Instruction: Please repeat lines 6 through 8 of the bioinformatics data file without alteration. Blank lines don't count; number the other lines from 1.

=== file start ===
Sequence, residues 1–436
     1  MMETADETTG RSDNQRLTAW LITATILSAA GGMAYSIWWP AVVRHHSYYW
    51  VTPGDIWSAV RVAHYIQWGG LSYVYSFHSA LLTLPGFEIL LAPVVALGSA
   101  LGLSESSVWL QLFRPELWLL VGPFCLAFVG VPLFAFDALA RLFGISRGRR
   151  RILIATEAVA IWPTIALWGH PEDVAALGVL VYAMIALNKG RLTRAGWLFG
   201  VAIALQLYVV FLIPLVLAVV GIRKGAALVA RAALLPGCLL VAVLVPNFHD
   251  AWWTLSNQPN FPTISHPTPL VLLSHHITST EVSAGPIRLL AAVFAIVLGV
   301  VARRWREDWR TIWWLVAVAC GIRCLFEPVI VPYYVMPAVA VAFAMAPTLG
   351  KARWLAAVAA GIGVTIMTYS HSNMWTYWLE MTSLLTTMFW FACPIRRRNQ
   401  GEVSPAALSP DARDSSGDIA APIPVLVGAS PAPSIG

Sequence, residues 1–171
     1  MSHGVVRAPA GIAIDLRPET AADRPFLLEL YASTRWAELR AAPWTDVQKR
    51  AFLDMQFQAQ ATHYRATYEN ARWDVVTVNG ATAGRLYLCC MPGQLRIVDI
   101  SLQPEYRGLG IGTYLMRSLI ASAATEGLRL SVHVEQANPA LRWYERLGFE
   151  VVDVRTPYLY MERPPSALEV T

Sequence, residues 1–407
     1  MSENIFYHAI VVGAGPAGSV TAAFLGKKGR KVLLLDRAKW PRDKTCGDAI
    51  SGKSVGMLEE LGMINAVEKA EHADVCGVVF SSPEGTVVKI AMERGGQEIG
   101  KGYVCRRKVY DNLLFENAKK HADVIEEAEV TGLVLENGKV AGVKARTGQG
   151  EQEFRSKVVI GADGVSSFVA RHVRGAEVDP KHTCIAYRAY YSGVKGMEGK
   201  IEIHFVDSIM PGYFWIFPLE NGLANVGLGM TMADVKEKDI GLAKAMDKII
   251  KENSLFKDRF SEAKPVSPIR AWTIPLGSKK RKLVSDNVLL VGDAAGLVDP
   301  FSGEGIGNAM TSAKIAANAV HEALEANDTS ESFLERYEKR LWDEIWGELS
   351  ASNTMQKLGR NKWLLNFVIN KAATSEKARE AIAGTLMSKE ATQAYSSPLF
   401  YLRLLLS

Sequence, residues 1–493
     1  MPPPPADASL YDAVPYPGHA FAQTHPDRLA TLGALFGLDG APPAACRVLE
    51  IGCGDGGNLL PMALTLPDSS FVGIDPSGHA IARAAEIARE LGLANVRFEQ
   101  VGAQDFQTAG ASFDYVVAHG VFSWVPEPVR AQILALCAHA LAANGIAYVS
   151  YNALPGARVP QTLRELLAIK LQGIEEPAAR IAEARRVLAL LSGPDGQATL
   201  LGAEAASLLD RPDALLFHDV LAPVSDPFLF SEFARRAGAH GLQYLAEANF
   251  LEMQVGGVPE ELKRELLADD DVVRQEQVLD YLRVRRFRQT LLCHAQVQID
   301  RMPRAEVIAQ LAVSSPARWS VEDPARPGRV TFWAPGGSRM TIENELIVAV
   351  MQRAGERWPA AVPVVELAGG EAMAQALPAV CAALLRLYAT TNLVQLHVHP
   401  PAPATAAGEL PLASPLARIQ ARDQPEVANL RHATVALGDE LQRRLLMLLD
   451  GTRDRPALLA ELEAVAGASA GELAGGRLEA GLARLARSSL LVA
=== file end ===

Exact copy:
   201  VAIALQLYVV FLIPLVLAVV GIRKGAALVA RAALLPGCLL VAVLVPNFHD
   251  AWWTLSNQPN FPTISHPTPL VLLSHHITST EVSAGPIRLL AAVFAIVLGV
   301  VARRWREDWR TIWWLVAVAC GIRCLFEPVI VPYYVMPAVA VAFAMAPTLG